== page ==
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Found 5 results

  1. kharrisma

    Chipped-Tip Regrinding?

    Hi Forum Folke, I recently picked up a Stratford "77" button-filler in fairly decent shape, except for the tip. The left tine has about half of the tipping material chipped off. There also appears to be a slight (15 degree or so) bend right at the tip, just behind the tipping material, but it's so even on both tines that it might have been manufactured that way (I have a Sheaffer Triumph that has similarly curved tips, though those are turned up rather than down... I mistakenly straightened them out before finding out that this upturn was deliberate. They survived being re-curved. Another lesson learned.) Anyway, is anyone aware of a decent tutorial on re-shaping a chipped tip? All of the stuff I have been able to scare up involves a really wrecked tip being turned into an untipped italic nib, or assumes that the tip is intact, but rough and in need of smoothing, or reshaping a broader tip to a finer one. Nothing dealing with partially missing tip material. I'd just send it off to someone that specializes in such things, but for two reasons: A), I like to learn these things as I go; it's a valuable skill to have when you're pursuing this hobby on a shoestring budget, and , as I understand it, Stratford is a second- or third-tier pen, of little value today, so investing a minimum of $60 to $80 or more to have the tip professionally restored isn't really a sensible option, not in my case, anyway. It's not even a flexible tip (it has a small amount of give under moderate pressure... a stiff semi-flex at best), which makes the prospect of a relatively expensive fix even less appealing. I'd attach pics, but I don't have any capability of taking macro pics that would show the tips in enough detail. Thanks for the read and any advice / pointers / links or what have you!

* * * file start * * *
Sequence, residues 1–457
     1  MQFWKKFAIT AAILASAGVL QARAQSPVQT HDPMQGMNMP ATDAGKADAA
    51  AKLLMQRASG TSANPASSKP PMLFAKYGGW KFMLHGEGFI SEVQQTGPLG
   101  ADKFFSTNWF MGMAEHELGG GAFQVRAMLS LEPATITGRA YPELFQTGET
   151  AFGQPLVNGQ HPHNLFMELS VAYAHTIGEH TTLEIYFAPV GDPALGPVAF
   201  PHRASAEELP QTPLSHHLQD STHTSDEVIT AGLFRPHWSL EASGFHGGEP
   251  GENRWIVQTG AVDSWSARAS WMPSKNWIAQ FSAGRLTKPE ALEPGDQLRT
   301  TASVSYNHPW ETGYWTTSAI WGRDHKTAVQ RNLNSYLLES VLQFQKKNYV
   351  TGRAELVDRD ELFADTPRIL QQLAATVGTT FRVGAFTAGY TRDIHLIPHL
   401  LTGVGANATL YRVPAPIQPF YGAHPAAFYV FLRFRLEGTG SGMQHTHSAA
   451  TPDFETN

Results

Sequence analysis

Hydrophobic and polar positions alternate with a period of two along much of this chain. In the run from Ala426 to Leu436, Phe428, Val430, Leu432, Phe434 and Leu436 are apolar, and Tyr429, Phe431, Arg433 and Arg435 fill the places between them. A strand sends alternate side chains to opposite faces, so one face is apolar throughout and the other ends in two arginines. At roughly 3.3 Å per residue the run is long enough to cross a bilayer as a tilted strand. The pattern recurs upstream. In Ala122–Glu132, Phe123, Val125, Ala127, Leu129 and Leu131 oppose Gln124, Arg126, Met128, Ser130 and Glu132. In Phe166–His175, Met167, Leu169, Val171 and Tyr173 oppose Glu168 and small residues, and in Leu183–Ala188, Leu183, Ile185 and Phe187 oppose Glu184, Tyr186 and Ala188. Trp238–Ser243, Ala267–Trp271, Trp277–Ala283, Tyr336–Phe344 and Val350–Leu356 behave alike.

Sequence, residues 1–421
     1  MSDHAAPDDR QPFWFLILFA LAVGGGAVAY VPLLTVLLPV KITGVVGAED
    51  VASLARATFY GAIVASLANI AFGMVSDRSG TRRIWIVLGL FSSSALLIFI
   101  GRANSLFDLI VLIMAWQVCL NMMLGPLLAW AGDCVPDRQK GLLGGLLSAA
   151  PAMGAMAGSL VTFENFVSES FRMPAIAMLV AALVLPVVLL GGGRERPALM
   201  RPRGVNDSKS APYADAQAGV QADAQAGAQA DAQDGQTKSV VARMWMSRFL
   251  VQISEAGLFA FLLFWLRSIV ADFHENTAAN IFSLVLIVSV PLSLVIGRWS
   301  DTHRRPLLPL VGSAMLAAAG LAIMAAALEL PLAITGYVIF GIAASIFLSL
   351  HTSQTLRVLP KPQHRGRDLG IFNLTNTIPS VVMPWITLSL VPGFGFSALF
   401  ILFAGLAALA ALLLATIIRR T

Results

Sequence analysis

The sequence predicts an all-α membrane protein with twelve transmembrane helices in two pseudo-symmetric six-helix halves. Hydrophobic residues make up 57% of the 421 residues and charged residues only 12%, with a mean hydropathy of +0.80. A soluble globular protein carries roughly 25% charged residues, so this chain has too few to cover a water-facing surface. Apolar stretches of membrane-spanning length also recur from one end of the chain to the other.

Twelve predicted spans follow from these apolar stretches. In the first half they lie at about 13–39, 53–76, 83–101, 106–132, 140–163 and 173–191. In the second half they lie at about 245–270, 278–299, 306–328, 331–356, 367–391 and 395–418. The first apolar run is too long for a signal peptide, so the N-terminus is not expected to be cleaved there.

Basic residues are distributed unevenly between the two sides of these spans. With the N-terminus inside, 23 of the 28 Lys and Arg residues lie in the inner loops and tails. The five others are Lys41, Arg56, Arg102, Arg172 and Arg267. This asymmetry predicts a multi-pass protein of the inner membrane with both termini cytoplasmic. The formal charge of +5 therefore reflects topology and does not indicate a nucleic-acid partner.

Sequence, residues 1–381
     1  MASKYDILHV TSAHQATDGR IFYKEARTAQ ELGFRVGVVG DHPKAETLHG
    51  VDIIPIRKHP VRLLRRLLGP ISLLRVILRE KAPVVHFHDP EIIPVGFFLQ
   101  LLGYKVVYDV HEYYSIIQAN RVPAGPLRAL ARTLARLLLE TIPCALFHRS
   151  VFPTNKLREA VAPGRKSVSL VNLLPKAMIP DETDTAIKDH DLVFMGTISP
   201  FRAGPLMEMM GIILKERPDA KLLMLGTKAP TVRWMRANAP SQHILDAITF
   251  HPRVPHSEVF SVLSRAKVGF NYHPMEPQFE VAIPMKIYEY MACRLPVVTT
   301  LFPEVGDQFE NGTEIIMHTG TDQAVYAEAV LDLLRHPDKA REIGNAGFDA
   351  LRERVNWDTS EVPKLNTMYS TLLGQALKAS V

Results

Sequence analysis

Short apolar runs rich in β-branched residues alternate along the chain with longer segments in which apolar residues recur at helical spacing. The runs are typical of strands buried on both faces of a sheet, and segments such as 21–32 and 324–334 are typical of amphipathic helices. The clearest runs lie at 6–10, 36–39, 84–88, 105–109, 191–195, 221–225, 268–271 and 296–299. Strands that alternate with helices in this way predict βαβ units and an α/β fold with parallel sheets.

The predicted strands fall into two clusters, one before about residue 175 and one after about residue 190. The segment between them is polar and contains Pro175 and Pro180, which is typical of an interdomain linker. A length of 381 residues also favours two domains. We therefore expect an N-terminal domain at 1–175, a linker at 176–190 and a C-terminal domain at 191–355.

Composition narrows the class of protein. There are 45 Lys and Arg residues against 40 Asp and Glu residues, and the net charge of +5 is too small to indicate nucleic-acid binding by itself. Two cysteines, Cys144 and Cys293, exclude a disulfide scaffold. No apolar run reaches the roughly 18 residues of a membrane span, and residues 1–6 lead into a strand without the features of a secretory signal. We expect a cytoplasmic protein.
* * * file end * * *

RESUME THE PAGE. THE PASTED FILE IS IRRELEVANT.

2. I use a fountain pen for pretty much all the hand writing I do. The only exception is when I go in the lab. In that situation I usually carry a Parker Jotter Flighter with a Fisher Space Pen refill inside. One thing that as annoyed me ever since I started using that combo to remplace the Space Zebra (see https://penthusiast.wordpress.com/2014/07/25/the-space-zebra-f-7401/) I lost and was to lazy to make another copy of is that the tip of the Space Pen insert wiggles around when I write because the Space Pen refill has a slightly smaller diameter at the tip than the standard Quink refill. This has been a problem with multiple different Flighter Jotters. This makes writing with this ballpoint much more annoying than it should be, so I was wondering if anybody had come up with a practical solution to that problem (I've thought of putting a bit of tape around the end to make it bigger, but it seems like it will create other inconveniences as byproducts). Thank you all very much in advance, 3nding
  3. Usernameistaken

    Part Name

    I know this is a very basic question for you all, but can someone please tell me what this part for a rollerpoint is called? Thanks very much, James http://www.jamesburger.com/new/pen-tip.jpg